Teens with autism can thrive when they share their strengths
In a recent blog, we learned how Jacob Wilson, a Vaughan high school student who has autism, overcame elementary school bullies and blossomed in his teen years.
It turns out Wilson's experience is not so uncommon.
A recent American study shows that young people with autism spectrum disorders (ASD) can thrive as teenagers when they share their intelligence or special interest with peers.
In Wilson's case, it was his voice, which he parlayed into a regular gig reading the school announcements and eventually used on stage in drama and musical productions. Suddenly he had friends.
The University of California, Santa Barbara (UCSB) study, published in the October issue of the Journal of Positive Behavior Interventions, found that this ability to make friends shows that the area of the brain that controls social behaviour is not as damaged in teens with ASD as previously believed.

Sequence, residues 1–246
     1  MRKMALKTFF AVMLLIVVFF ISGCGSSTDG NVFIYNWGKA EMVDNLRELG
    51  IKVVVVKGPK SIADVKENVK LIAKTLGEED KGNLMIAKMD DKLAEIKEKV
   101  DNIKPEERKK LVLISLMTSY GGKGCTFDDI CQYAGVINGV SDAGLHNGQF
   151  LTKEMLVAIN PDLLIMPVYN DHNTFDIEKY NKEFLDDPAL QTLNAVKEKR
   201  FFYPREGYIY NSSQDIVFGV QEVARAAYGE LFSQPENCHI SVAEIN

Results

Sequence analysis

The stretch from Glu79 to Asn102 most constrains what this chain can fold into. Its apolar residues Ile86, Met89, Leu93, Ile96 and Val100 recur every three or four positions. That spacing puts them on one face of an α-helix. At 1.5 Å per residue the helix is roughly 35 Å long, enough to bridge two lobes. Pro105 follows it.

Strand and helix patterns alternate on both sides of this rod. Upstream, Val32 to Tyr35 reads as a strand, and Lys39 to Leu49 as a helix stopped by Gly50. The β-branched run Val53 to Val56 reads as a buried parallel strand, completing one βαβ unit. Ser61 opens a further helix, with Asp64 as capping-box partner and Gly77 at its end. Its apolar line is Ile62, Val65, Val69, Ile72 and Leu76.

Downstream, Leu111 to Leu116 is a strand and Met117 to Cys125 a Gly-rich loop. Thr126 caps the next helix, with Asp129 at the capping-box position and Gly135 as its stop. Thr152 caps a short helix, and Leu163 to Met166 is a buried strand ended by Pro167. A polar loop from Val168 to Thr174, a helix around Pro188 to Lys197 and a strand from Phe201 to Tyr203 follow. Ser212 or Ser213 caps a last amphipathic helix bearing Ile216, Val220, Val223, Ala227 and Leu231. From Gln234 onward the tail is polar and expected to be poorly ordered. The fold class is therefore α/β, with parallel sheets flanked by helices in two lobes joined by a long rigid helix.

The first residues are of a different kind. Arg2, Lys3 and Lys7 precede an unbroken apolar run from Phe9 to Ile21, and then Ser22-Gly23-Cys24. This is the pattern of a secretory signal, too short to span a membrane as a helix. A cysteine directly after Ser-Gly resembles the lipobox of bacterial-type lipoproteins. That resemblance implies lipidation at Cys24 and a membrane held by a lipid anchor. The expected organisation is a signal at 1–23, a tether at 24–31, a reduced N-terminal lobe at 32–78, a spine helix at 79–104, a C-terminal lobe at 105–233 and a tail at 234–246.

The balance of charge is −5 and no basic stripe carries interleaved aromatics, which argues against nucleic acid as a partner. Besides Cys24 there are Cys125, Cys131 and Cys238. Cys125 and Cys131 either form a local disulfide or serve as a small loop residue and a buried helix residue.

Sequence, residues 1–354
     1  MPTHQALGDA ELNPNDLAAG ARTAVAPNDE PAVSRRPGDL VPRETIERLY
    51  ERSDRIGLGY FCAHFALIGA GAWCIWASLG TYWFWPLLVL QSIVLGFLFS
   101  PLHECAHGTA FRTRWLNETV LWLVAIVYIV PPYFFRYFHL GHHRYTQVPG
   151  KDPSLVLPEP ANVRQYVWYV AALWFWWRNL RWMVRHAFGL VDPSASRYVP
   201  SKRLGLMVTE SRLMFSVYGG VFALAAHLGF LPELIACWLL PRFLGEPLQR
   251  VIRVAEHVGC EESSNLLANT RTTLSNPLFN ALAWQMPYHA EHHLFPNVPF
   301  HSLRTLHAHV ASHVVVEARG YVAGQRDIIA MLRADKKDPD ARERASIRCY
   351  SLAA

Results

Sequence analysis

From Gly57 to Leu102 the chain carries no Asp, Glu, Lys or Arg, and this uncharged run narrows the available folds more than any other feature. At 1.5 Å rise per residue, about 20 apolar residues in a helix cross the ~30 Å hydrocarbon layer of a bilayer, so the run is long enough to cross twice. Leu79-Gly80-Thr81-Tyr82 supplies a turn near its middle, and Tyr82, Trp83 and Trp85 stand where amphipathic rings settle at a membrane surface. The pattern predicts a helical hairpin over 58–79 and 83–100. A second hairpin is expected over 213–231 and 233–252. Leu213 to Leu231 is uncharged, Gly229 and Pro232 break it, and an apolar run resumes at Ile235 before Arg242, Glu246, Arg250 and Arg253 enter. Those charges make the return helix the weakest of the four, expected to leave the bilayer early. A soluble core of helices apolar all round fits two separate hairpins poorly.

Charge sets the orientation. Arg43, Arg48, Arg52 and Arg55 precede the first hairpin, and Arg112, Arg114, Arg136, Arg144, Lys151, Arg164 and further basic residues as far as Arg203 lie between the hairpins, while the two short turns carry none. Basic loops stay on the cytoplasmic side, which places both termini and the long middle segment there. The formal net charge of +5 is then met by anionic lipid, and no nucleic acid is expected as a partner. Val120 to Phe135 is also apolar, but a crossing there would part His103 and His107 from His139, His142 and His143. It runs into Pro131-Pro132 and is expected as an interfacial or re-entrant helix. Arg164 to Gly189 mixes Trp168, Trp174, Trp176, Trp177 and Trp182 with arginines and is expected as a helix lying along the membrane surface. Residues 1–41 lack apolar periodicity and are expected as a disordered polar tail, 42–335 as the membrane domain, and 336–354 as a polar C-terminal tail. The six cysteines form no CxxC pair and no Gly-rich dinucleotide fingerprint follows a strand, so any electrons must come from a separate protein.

The study, discussed in the online research news site futurity.org quotes study author Robert Koegel describing how restricted interests among teens with ASD can dominate their lives and push people away.
“They're so highly focused on that interest, people think they're weird. But by involving themselves in an activity around the interest, they not only make friends but also become valued members of the group. Their specialized skill becomes a strength,” says Koegel, director of the Koegel Autism Center at UCSB and the study’s lead author.
It is an exciting finding -- proven through Wilson's experience -- that will no doubt give many teens with ASD, and their families, hope for the future.